The ‘hood continues to regale us with unending episodes of wayward pirate cats shitting on patios and meowing until dawn. I fucking love it. The peeps are not impressed with the stray cat strut happening and decide to post every incident of feline rebellion they witness. It’s a little over-the-top but makes for great fodder. I choose not to comment, but it takes immense restraint not to. I’m still holding out for the nicky-nine door extravaganza, but the summer came and went with no such news of the heathens out to wake the ‘hood. At least the hoodlums managed to keep their pants on in front of grandma…which, could be me next year. Watch out, youngins’ I’ll walk very fast after you! Or I’ll whip out my phone and get a pic! Hubby says I’m not allowed to plaster that on FB, but I wonder if printing out the photo and pasting them around the ‘hood would be, ok? Hmmmm….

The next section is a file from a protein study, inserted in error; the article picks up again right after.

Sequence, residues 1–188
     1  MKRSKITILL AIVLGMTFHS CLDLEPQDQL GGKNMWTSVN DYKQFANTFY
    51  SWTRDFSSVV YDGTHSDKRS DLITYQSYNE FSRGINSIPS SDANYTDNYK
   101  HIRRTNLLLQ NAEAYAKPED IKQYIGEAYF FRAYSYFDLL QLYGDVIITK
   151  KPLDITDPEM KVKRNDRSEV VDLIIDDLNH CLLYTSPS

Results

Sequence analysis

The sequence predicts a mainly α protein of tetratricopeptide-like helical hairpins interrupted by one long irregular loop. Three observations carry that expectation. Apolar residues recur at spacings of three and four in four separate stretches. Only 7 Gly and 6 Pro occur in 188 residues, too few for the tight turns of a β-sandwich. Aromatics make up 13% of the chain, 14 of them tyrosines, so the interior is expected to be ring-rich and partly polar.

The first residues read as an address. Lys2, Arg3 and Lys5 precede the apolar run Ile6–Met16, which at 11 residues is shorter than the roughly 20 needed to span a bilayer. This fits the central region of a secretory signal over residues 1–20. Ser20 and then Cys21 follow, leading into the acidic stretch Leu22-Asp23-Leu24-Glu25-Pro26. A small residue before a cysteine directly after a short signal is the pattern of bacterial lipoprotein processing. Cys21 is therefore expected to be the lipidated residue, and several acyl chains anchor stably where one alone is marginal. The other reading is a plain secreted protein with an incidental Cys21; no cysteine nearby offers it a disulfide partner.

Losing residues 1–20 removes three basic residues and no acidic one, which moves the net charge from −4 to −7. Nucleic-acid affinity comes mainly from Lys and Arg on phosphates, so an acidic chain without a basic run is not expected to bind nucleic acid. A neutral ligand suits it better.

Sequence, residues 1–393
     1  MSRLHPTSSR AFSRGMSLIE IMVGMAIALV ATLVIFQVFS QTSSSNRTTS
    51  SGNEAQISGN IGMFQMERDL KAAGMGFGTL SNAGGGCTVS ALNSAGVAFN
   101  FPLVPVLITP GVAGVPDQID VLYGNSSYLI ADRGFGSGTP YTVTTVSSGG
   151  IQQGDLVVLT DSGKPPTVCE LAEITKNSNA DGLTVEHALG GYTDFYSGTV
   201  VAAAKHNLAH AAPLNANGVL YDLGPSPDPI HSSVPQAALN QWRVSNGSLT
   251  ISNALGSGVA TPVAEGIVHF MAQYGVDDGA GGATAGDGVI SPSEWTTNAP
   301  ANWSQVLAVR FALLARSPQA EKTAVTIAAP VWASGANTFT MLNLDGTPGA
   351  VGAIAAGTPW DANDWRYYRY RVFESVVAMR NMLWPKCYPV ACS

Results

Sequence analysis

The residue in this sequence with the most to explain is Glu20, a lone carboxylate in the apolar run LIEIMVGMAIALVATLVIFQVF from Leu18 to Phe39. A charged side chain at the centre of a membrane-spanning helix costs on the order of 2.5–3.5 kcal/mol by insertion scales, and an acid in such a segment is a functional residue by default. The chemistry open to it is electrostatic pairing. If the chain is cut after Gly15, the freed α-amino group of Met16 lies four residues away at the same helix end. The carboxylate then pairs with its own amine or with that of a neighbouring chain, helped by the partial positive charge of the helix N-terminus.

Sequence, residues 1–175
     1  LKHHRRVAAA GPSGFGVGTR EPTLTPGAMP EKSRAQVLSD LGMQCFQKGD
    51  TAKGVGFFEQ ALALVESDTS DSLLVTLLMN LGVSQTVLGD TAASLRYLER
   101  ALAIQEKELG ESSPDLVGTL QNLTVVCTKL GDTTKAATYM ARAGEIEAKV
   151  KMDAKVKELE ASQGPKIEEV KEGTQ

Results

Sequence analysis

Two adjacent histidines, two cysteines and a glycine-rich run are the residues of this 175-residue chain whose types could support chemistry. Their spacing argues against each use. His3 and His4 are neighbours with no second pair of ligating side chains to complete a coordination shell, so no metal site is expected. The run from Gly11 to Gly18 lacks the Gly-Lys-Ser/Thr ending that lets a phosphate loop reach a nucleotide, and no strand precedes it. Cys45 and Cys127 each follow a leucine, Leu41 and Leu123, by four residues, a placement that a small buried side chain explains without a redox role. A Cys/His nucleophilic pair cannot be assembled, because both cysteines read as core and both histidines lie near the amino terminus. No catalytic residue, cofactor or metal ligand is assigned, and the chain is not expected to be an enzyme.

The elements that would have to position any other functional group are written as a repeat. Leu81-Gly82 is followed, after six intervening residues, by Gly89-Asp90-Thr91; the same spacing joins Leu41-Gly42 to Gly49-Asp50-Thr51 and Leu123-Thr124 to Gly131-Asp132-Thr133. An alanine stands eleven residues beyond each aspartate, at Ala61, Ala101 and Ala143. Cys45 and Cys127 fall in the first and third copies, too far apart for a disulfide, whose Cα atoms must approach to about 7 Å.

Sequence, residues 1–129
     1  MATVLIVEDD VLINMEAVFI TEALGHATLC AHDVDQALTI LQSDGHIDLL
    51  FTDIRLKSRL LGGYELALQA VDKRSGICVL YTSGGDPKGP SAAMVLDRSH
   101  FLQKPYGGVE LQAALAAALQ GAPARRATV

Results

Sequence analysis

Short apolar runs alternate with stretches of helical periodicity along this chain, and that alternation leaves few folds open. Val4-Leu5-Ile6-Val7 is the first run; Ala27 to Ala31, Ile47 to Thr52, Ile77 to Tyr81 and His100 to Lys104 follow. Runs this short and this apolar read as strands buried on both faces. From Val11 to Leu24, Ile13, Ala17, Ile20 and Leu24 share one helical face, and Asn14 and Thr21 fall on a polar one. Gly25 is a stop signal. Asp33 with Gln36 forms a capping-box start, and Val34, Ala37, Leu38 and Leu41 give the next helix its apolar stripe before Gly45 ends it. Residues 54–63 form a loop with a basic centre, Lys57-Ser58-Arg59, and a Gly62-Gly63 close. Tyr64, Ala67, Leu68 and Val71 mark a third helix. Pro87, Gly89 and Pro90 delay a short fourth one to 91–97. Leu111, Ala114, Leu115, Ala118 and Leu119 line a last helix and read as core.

Nana is on it!
Fall is knocking louder at the door and I’m anxious to let her in with all the pumpkin spiciness I can muster. Get a sweater it’s chilly out there. Apple cider candles, the warmth of a fire, cozy blankets and oh, the fall Hallmark movies that will drip with cheesy romantic flannel shirts. Bring. It. On.
There is so much to look forward to! Survival is key here. I’ll need wine and chocolate…and a pirate cat to keep me entertained. Now if the power will just stay on so I can heat up my chicken fingers and toast some bread…